I was going to write about aggravations this week. You know, just like every week.
I even have an extensive recitation of all that’s gone wrong recently. I can stand one or two things going wrong at the same time. But three major things crucial to modern life go awry (think car, computer, and telephone), that’s when my coping skills begin to crumble. This list got up to seven things. I started feeling as if last month’s vacation had been a mirage.
The most pressing problem was my 93-year-old father’s admittance to the hospital for a blood clot on his knee. When you’re that old, no matter what you’re admitted for, new problems appear. Going to the hospital is like winning the booby prize in a contest, with the heightened chance that more booby prizes await you.
At the same time, I finally got fed up with my broadband wireless service and nervously switched back to AT&T DSL. My trepidations were not ungrounded. I had to make three technical support calls in the first 24 hours to get the service working properly.
Then there was the issue of the mortgage payments. Don’t get me started on the ongoing aggravation of our credit union, but suffice to say in addition to penalizing you if you make a mortgage payment late, it also penalizes you by making a mortgage payment too early, in that it doesn’t recognize it as an actual payment. It just thinks you’re giving them money for the fun of it.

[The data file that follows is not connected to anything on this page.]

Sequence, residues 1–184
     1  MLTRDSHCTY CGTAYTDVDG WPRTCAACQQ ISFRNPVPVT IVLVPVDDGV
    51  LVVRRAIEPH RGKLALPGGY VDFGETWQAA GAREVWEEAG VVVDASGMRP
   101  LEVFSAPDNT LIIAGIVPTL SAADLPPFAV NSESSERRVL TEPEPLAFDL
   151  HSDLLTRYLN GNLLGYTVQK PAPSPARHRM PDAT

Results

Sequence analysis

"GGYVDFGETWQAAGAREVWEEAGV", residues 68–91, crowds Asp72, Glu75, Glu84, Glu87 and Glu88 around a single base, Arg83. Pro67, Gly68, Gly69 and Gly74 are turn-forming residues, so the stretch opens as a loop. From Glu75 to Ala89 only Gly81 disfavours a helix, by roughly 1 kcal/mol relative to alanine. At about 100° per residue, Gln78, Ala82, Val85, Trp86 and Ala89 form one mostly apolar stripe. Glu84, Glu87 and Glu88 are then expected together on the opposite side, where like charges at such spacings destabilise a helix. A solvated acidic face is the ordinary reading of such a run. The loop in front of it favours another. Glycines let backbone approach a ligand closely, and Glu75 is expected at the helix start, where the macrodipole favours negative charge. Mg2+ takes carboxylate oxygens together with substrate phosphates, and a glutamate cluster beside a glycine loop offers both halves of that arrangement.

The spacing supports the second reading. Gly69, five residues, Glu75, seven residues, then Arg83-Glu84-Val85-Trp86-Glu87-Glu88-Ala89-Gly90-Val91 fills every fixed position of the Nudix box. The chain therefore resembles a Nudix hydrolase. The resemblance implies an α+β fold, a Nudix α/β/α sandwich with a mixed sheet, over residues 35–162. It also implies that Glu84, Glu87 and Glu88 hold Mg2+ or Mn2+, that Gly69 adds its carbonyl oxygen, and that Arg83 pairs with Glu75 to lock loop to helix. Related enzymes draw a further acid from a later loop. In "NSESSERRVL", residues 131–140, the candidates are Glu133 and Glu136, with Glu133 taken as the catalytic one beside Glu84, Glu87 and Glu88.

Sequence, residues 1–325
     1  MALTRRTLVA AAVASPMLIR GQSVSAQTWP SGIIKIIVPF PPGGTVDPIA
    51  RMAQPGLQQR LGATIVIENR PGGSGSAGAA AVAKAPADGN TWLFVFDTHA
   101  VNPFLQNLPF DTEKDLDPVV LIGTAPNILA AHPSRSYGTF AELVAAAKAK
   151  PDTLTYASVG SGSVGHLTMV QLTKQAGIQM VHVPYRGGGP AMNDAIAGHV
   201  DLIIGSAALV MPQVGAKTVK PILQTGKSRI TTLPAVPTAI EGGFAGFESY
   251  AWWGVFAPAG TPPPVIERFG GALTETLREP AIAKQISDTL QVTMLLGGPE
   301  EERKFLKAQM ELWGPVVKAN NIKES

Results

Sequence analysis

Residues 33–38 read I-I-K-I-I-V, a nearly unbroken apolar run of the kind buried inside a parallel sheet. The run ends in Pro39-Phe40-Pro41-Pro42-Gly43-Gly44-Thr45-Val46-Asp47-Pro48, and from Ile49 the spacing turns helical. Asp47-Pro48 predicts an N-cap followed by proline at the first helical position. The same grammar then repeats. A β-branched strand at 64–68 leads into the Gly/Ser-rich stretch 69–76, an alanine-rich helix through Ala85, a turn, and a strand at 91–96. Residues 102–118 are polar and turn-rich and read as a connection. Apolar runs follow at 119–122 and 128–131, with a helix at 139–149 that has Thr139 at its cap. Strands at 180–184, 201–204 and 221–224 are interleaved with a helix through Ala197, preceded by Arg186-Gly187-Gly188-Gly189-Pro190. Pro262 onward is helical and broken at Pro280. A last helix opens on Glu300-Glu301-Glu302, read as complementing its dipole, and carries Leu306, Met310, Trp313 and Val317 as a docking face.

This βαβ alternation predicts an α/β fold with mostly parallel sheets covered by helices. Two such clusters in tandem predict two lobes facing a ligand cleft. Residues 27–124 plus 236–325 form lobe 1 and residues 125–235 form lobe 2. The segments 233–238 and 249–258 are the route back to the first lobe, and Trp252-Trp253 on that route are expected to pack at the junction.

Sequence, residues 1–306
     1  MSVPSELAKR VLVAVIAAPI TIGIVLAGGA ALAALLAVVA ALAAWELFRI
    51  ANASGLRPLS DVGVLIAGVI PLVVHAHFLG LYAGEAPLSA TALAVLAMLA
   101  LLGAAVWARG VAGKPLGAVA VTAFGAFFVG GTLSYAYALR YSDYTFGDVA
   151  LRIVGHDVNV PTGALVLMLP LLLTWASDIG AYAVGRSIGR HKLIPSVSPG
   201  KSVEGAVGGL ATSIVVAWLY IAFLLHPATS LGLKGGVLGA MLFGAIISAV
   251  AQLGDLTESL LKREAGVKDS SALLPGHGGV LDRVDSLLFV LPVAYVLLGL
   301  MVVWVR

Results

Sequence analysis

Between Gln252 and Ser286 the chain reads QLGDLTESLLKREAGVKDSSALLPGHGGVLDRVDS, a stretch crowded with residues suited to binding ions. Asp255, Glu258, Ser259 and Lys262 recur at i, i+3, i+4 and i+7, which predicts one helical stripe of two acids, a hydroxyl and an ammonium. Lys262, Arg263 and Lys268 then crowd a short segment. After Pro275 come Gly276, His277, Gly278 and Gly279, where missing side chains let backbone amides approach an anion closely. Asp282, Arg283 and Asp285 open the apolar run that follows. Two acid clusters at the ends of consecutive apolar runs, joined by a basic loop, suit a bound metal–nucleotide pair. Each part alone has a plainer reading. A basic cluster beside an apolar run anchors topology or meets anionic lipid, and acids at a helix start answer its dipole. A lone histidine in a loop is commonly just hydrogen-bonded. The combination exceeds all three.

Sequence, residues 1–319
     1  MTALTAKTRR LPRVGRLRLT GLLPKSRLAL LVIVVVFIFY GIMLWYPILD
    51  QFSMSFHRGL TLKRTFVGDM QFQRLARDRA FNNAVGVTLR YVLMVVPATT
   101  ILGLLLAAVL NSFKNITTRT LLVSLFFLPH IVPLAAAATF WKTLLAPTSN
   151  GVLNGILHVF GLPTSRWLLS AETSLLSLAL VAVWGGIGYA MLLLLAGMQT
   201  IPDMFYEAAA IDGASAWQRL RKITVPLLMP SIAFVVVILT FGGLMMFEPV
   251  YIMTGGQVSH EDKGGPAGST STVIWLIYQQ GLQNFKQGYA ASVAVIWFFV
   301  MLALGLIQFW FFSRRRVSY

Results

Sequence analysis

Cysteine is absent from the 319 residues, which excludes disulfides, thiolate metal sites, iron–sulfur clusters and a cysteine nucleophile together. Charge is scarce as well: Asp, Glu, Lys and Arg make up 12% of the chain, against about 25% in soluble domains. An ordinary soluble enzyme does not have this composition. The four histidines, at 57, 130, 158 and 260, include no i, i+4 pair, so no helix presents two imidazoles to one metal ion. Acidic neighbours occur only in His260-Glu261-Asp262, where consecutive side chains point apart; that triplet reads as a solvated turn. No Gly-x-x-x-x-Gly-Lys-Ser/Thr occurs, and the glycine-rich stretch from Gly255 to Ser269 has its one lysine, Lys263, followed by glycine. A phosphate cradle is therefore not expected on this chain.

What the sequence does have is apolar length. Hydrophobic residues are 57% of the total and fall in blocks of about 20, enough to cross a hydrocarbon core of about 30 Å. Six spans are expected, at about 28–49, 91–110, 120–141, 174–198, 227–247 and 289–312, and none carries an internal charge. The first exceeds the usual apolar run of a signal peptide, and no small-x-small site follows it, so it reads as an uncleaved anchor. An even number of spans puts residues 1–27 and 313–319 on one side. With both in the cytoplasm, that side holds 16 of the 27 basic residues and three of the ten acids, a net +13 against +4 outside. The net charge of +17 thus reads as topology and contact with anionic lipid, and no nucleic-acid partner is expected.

Then there was the fact that I decided after the fact that a couple of closets really should have been recarpeted, which meant emptying the closets and moving things like digital pianos and revolving bookcases from out of the way. Concurrently, I had an inordinate number of hassles with clients – over invoices, and projects I couldn’t wait to see end, and micromanaging … and so on … and so on … and so on.
But my father was eventually discharged from the hospital and is back in his apartment, only slightly the worse for wear. The third time was the charm on the DSL, and it’s been working fine since. I still have to aim for a certain window in which to pay the mortgage, but all in all, the credit union still hasn’t sunk to the depths of the Bank of America. The invoices got fixed, the project I couldn’t wait to see end ended. The micromanaging – still a problem, but I can’t expect utopia. Well, I can, but I should also be realistic about ever getting there.
I say I was going to write about this litany of aggregated aggravations, but when the time came, they had already begun to dissipate in memory. Am I finally getting old enough that the hassles of life don’t bother me as much? Am I finally achieving equanimity in my middle age? To paraphrase my quote of Helen Hayes a couple of weeks ago, “When you get older, there isn’t a lot left to be angry about.” I wish I could have been this way when I was younger, but better late than never.